A file system is the way in which files are named, stored, retrieved as well as updated on a storage disk or partition; the way files are organized on the disk.
A file system is divided in two segments called: User Data and Metadata (file name, time it was created, modified time, it’s size and location in the directory hierarchy etc).
In this guide, we will explain seven ways to identify your Linux file system type such as Ext2, Ext3, Ext4, BtrFS, GlusterFS plus many more.
df command reports file system disk space usage, to include the file system type on a particular disk partition, use the
-T flag as below:
$ df -Th OR $ df -Th | grep "^/dev"
For a comprehensive guide for df command usage go through our articles:
-N disables checking of file system for errors, it just shows what would be done (but all we need is the file system type):
$ fsck -N /dev/sda3 $ fsck -N /dev/sdb1
lsblk displays block devices, when used with the
-f option, it prints file system type on partitions as well:
$ lsblk -f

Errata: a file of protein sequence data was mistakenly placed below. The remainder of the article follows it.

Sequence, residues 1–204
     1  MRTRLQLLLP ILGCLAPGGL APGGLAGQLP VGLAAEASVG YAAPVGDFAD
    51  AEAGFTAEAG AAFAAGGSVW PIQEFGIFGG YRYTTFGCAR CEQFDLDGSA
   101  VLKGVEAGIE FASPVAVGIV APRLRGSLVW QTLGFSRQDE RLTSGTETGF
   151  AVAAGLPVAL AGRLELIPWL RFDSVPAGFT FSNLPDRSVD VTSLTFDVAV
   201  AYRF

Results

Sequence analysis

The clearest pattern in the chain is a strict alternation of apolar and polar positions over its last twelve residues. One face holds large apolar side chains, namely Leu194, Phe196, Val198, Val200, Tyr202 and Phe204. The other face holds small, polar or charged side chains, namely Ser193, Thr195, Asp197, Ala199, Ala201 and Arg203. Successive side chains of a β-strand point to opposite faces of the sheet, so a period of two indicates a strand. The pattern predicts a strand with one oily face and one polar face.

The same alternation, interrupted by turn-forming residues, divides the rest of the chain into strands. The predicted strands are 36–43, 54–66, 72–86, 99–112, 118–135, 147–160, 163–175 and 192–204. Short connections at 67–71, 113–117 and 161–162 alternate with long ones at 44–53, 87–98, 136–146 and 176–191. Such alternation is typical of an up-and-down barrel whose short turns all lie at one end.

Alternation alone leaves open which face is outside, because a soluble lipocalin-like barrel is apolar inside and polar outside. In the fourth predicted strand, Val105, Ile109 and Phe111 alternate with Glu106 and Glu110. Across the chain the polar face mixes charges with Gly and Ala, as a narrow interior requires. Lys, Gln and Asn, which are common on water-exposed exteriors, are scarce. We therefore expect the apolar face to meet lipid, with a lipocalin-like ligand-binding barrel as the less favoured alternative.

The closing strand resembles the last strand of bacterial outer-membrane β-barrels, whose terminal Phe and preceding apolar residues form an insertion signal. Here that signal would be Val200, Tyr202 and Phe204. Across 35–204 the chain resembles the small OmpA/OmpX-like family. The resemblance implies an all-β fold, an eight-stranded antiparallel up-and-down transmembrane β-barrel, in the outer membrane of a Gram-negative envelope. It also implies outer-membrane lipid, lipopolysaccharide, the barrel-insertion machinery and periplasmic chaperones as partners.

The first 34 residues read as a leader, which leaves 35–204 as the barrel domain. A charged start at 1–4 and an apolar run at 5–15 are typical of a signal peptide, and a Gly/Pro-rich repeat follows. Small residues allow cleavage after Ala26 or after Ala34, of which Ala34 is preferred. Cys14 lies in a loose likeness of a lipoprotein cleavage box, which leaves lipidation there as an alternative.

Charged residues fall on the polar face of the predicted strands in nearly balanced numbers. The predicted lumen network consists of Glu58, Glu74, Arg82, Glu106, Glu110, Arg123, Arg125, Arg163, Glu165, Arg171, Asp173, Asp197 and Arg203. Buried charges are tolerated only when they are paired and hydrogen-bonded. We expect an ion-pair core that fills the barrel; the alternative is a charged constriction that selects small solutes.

When run without any arguments, it prints info about disk partitions including the file system type as below:
$ mount | grep "^/dev"
blkid command is used to find or print block device properties, simply specify the disk partition as an argument like so:
$ blkid /dev/sda3
file command identifies file type, the
-s flag enables reading of block or character files and
-L enables following of symlinks:
$ sudo file -sL /dev/sda3
The /etc/fstab is a static file system info (such as mount point, file system type, mount options etc) file:
$ cat /etc/fstab
That’s it! In this guide, we explained seven ways to identify your Linux file system type. Do you know of any method not mentioned here? Share it with us in the comments.